“In the beginning was the Word, and the Word was with God, and the Word was God. He was with God in the beginning. The Word became flesh and made his dwelling among us.”
Jesus Christ, the incarnate Word of God, spoke the word of God throughout his earthly ministry, calling people to repent and put their trust in him. And from the rough cross of Calvary, he spoke the most important words the world has ever heard: “Father forgive them” and “It is finished”.
Jesus Christ is the final Word of God to all of humanity. On Christmas morning we heard that, in many and various ways God spoke to his people of old but now in these last days he has spoken to us by his Son”. God has spoken words of forgiveness and peace and reconciliation and new life that has no end in His Son Jesus.
It is appropriate that we remember and take note of the passing of time. But on this New Year’s Eve it is even more important for us to remember that just because our life on this earth doesn’t endure forever, that doesn’t mean that we won’t live forever–because through faith in the Risen Christ–we will. The Bible assures us that we
“…have been born again, not of perishable seed, but of imperishable, the living and abiding Word of God.”
Each and every person born of human parents, dies–it is inescapable. Adam’s sin has cursed every one of his children. The bible says that, “sin entered the world through one man and death through sin and in this way death came to all men.” Not one of us–young or old, rich or poor, male or female–is immune from the deadly effects of Adam’s sin. We will die.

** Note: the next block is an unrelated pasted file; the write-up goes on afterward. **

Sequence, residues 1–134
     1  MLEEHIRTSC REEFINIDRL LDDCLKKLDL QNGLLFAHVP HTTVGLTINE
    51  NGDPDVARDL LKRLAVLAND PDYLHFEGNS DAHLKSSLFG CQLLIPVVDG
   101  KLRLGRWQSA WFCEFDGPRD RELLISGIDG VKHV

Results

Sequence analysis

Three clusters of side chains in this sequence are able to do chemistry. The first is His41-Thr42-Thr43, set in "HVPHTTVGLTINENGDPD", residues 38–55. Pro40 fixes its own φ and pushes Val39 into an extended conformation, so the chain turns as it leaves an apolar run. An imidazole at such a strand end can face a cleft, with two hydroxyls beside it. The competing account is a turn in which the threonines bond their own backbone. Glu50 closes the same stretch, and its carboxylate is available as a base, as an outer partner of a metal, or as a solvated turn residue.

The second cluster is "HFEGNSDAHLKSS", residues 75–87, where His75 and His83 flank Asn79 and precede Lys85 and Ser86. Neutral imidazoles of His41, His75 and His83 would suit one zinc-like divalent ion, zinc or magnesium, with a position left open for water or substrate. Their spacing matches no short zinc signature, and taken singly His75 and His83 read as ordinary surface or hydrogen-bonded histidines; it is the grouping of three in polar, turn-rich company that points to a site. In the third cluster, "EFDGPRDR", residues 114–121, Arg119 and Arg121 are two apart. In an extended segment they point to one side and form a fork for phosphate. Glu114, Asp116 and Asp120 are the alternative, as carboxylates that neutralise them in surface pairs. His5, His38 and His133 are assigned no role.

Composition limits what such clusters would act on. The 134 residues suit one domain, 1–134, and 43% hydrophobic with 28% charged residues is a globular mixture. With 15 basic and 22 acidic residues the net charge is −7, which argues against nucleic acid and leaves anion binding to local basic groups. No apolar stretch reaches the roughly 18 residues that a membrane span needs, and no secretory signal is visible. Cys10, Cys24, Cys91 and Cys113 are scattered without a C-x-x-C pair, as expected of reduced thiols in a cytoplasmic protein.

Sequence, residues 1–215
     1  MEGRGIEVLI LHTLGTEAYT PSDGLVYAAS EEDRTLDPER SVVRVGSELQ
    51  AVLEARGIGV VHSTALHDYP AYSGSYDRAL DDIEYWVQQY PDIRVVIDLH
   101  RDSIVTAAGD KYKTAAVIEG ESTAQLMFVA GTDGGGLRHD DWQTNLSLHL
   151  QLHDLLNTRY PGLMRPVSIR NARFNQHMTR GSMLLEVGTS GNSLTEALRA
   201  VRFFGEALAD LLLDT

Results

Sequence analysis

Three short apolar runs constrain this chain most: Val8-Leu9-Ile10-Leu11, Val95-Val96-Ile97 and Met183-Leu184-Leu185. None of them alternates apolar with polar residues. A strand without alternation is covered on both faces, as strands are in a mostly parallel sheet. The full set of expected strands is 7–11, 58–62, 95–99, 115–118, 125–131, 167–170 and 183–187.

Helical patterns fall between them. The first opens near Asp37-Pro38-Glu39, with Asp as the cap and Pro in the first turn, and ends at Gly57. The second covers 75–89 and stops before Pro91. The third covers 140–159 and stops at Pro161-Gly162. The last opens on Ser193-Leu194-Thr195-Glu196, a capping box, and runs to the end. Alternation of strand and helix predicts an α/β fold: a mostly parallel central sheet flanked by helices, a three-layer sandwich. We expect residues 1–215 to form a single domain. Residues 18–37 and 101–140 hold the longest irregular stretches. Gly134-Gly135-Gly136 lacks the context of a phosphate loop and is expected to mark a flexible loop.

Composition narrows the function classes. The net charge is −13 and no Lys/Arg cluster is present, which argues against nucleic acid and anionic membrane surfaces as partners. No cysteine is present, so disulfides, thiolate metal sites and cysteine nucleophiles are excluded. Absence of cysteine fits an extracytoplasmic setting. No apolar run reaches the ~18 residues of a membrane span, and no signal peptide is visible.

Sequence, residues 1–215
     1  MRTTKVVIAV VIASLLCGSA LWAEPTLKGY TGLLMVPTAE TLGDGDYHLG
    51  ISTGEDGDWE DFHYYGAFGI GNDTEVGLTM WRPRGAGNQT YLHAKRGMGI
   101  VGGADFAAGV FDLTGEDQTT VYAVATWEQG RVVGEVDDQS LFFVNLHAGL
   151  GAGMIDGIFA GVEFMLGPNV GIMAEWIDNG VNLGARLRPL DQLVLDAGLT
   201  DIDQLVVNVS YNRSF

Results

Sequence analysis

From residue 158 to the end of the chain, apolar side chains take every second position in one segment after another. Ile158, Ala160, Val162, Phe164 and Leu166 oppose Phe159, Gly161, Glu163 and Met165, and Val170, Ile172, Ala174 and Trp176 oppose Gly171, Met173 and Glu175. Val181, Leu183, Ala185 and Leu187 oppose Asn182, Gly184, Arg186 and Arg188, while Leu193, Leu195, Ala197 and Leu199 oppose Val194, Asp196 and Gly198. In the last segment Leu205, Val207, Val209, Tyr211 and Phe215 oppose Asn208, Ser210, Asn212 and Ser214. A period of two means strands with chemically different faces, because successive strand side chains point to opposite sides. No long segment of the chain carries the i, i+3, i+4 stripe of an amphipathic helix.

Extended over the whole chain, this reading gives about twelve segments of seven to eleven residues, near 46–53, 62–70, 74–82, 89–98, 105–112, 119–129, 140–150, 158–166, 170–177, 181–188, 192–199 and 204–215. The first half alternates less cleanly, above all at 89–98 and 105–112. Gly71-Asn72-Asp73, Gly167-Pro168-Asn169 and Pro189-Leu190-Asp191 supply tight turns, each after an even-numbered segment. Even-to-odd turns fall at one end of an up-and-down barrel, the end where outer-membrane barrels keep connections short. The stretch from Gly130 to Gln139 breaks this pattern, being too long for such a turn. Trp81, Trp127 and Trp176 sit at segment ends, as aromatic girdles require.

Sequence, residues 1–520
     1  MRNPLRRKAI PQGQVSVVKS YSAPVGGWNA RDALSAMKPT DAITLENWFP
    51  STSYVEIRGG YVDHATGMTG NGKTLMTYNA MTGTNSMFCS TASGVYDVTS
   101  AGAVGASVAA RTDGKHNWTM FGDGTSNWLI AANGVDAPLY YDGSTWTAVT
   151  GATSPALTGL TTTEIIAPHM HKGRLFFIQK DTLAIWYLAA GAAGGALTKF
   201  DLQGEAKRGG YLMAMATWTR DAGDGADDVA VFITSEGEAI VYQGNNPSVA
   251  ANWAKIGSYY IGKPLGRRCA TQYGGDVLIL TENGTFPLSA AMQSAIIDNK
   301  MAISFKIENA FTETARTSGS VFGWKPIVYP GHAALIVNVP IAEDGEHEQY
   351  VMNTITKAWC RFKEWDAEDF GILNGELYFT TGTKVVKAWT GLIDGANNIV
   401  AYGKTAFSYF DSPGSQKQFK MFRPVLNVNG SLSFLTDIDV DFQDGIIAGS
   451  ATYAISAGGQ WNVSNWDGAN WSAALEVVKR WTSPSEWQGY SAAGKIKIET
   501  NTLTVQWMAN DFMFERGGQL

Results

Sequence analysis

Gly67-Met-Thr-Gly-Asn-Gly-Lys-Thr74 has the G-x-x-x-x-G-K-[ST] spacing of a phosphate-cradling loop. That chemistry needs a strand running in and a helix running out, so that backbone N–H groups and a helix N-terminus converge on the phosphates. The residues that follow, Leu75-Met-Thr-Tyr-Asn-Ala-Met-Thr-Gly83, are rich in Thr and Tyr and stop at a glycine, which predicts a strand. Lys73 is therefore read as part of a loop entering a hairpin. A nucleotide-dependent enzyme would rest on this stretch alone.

Because of this, if we are to live beyond this life, if our lives are to be more than a mist that is gone with the rising of the sun or grass that is cut down from one day to the next, we must be born again. Jesus said:
“I tell you the truth, no one can see the kingdom of God unless he is born again. No one can enter the kingdom of God unless he is born of water and the Spirit. Flesh give birth to flesh, but the Spirit gives birth to the Spirit.”
The Good News for us tonight (we who stare into the grim realities of the passing of time) is that we have been born again of an imperishable seed–a seed that cannot die–and that is the Word of God.
That Word of promise, along with the power of the Holy Spirit, has been spoken to us in Word and Sacrament—at the font and pulpit and altar.
It is this Word of Good News that has been preached in Christian churches week after week since the time of the apostles that–that has been given with the body and blood of Christ in Holy Communion–that gives new life again and again–a life that has no end.
And because this is who we are, born again believers through Spirit-worked faith in the Lord Jesus Christ, we approach the new year with confidence and joy–knowing that each day is a day to live for God’s glory until that day we enter into his glory.
Because this is who we are, we have a different set of priorities and goals and resolutions for the new year, and for the rest of our life, than the sinful world around us. The Bible says that:
Having purified your souls by your obedience to the truth for a sincere brotherly love, love one another earnestly from a pure heart.
Let the world around us resolve to: lose weight–to get the upper hand on their finances– to get organized. Let our resolve as the people of God be to love one another more and more–to obey God’s Word-- and to keep ourselves unstained by the world.
Countless millions around us at this very moment lives in fear and dread at the passing of time. They attempt to cover that fear with a foolish facade of substance abuse and sensuality, but make no mistake about it, it is always there–this fear and dread at the passing of time.
For us who are born again into a living faith in Christ, that fear has been removed. We don’t have to worry about what the future holds because we know who holds the future. We don’t have to worry about getting ahead, about having more this new year than last year, about achieving greater and greater heights in our career.
Instead, our lives as God’s people are focused on things eternal: caring for one another in loving ways–submitting our lives in obedience to God’s direction–and drawing ever closer to the One with whom we will spend eternity. God grant us this life in the year to come and eternal life in the end! Amen.